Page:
Jewish law prohibits adjudication by Jews in non-Jewish courts. Many explain that the prohibition of mesirah, reporting a fellow Jew to civil authorities, is for the purpose of privileging the Jewish legal system over others'. All legal matters concerning Jews should be redressed in a Jewish court according to Jewish law. However, there are many reasons why this prohibition does not apply in the case of child abuse.
Mesirah was prohibited because of the nature of autocratic governments under which Jews lived throughout much of history. Such informing often led to persecution of the entire Jewish community. This does not apply in the Western world today.
The prohibition of mesirah applies only when testimony assists civil authorities in illegally obtaining the money of a Jew, not when it aids a non-Jewish government in fulfilling rightful duties such as collecting taxes and punishing criminals. The ban does not apply to criminal activities of Jews, as long the as the crime also violates Torah law and even if the punishment will be more severe than the Torah prescribes.
If Jewish authorities do not have the power to punish a criminal, the civil authorities must do so. Our rabbinic courts today have neither the power nor the authority to handle such matters.
Mesirah is permissible in the case of a public menace, and child abusers and molesters clearly endanger the welfare of many children.
There is thus no chilul Hashem in publicizing a Jewish child abuser and resorting to non-Jewish courts. In fact, to not report or testify about such abuse would be chilul Hashem. If such information is concealed and later made public, it would create an even greater chilul Hashem. Yoma 86b maintains that "one should expose hypocrites to prevent the desecration of the Name."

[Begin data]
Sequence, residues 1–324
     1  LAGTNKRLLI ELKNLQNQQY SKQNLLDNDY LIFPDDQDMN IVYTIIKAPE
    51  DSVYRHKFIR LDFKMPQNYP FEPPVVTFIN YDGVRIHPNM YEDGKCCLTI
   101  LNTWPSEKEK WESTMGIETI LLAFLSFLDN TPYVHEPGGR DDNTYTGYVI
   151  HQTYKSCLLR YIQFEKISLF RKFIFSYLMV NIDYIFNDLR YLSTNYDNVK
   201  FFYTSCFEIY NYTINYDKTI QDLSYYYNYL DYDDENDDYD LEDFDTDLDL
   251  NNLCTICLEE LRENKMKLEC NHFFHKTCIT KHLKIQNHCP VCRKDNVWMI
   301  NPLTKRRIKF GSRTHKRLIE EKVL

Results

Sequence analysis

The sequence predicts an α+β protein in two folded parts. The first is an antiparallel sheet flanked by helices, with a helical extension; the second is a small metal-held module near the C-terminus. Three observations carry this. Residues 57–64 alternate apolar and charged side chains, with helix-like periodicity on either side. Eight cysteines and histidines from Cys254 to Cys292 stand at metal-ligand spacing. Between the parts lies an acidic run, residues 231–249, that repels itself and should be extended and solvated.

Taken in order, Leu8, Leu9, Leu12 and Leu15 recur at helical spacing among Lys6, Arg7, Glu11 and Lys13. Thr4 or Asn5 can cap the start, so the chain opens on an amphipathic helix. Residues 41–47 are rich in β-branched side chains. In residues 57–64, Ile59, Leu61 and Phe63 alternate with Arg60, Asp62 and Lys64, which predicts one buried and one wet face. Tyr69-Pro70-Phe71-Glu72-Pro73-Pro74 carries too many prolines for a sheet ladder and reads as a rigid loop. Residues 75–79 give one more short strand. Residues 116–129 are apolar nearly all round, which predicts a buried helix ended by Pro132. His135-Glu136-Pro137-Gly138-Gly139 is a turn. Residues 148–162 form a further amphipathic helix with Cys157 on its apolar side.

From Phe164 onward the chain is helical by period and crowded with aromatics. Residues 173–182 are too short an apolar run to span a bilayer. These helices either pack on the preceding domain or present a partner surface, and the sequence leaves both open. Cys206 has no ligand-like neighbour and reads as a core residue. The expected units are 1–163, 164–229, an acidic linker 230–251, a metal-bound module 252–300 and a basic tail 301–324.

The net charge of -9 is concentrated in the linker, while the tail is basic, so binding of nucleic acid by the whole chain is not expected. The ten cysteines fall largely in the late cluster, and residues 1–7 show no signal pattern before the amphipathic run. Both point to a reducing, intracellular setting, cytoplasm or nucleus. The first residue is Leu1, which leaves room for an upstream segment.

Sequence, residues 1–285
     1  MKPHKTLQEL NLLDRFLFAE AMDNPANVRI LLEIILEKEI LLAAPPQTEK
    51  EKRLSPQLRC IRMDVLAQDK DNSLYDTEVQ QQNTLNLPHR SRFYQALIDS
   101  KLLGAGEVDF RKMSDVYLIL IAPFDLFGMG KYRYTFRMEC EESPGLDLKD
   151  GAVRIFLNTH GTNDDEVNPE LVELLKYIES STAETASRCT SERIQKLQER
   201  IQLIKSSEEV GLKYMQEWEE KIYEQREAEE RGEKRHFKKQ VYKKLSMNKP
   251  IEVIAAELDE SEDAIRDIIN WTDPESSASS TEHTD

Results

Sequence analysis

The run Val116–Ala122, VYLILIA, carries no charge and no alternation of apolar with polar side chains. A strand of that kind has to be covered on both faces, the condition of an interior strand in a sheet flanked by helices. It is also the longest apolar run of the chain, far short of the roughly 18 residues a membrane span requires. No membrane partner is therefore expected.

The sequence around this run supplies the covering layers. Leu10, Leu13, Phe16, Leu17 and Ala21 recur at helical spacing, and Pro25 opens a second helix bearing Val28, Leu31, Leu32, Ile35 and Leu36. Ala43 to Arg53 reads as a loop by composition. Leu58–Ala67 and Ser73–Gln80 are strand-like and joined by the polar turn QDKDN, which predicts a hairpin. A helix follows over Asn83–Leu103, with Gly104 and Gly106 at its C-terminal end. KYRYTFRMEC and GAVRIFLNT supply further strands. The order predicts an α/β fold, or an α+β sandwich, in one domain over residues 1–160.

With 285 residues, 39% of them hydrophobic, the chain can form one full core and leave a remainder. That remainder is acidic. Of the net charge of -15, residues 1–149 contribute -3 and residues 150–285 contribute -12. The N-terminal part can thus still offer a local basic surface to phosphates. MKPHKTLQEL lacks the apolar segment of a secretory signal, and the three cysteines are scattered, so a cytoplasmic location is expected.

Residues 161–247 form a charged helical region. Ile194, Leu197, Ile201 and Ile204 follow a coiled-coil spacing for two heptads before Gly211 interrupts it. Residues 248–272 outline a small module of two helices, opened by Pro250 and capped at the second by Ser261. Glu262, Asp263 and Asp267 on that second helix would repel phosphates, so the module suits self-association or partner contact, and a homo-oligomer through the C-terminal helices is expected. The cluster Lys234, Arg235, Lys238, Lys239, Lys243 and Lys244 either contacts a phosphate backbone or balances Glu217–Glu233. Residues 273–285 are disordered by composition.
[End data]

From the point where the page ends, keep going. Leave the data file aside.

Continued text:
Schools, synagogues, and youth organizations must adopt policies which mandate the dismissal of abusive teachers and childcare workers from their positions, and the notification of future potential employers of the circumstances of their dismissal.
It must be publicized that it is a mitzvah to report a child abuser to the civil authorities. All interested parties must cooperate, including testifying in a civil court of law. The Rabbinical Council of America should either authorize its Bet Din or establish a special Bet Din to hear cases of alleged abuse and to make appropriate recommendations.
Synagogues and schools should run programs which educate parents, teachers, and youth workers to recognize the signs of possible abuse. Curricula must be developed for our schools to train children in how to recognize abuse and avoid it.
Clinics and other resources should be established to aid the abused who seek help and to provide help for the abusers in order to prevent future incidents.